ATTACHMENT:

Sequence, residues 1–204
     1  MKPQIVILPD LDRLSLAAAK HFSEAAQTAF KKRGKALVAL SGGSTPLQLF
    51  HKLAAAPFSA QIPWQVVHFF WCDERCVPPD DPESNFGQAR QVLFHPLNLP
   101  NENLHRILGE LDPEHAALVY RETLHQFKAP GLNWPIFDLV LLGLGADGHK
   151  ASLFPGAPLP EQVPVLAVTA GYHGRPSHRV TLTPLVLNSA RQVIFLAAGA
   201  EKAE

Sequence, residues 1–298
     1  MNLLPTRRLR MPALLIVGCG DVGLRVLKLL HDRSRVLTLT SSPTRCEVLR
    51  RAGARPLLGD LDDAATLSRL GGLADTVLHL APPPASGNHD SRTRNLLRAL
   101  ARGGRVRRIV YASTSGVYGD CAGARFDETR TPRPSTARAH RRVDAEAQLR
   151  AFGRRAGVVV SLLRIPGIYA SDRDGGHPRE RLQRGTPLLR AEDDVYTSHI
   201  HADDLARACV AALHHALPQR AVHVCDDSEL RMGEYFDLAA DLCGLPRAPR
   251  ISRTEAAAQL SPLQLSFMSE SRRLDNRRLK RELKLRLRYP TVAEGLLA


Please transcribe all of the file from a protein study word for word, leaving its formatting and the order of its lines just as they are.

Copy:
Sequence, residues 1–204
     1  MKPQIVILPD LDRLSLAAAK HFSEAAQTAF KKRGKALVAL SGGSTPLQLF
    51  HKLAAAPFSA QIPWQVVHFF WCDERCVPPD DPESNFGQAR QVLFHPLNLP
   101  NENLHRILGE LDPEHAALVY RETLHQFKAP GLNWPIFDLV LLGLGADGHK
   151  ASLFPGAPLP EQVPVLAVTA GYHGRPSHRV TLTPLVLNSA RQVIFLAAGA
   201  EKAE

Sequence, residues 1–298
     1  MNLLPTRRLR MPALLIVGCG DVGLRVLKLL HDRSRVLTLT SSPTRCEVLR
    51  RAGARPLLGD LDDAATLSRL GGLADTVLHL APPPASGNHD SRTRNLLRAL
   101  ARGGRVRRIV YASTSGVYGD CAGARFDETR TPRPSTARAH RRVDAEAQLR
   151  AFGRRAGVVV SLLRIPGIYA SDRDGGHPRE RLQRGTPLLR AEDDVYTSHI
   201  HADDLARACV AALHHALPQR AVHVCDDSEL RMGEYFDLAA DLCGLPRAPR
   251  ISRTEAAAQL SPLQLSFMSE SRRLDNRRLK RELKLRLRYP TVAEGLLA